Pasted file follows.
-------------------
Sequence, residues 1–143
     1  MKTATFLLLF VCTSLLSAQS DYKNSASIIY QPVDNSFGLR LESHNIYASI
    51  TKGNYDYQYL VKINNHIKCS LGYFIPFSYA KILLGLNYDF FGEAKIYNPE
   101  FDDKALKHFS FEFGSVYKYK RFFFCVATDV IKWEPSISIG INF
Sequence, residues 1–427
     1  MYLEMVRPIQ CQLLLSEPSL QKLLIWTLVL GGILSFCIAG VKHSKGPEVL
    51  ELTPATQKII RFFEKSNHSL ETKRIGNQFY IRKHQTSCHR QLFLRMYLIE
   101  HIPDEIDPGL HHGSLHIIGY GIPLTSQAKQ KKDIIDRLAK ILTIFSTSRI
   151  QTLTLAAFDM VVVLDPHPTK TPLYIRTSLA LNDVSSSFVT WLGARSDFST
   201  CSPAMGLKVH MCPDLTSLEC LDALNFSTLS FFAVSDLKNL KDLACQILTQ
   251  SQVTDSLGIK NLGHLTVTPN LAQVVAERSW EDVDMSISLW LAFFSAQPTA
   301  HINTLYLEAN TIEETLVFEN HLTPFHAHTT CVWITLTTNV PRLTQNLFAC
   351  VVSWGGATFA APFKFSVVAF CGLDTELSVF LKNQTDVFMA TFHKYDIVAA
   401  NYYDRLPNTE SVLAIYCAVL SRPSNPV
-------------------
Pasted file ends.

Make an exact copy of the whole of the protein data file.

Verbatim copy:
Sequence, residues 1–143
     1  MKTATFLLLF VCTSLLSAQS DYKNSASIIY QPVDNSFGLR LESHNIYASI
    51  TKGNYDYQYL VKINNHIKCS LGYFIPFSYA KILLGLNYDF FGEAKIYNPE
   101  FDDKALKHFS FEFGSVYKYK RFFFCVATDV IKWEPSISIG INF
Sequence, residues 1–427
     1  MYLEMVRPIQ CQLLLSEPSL QKLLIWTLVL GGILSFCIAG VKHSKGPEVL
    51  ELTPATQKII RFFEKSNHSL ETKRIGNQFY IRKHQTSCHR QLFLRMYLIE
   101  HIPDEIDPGL HHGSLHIIGY GIPLTSQAKQ KKDIIDRLAK ILTIFSTSRI
   151  QTLTLAAFDM VVVLDPHPTK TPLYIRTSLA LNDVSSSFVT WLGARSDFST
   201  CSPAMGLKVH MCPDLTSLEC LDALNFSTLS FFAVSDLKNL KDLACQILTQ
   251  SQVTDSLGIK NLGHLTVTPN LAQVVAERSW EDVDMSISLW LAFFSAQPTA
   301  HINTLYLEAN TIEETLVFEN HLTPFHAHTT CVWITLTTNV PRLTQNLFAC
   351  VVSWGGATFA APFKFSVVAF CGLDTELSVF LKNQTDVFMA TFHKYDIVAA
   401  NYYDRLPNTE SVLAIYCAVL SRPSNPV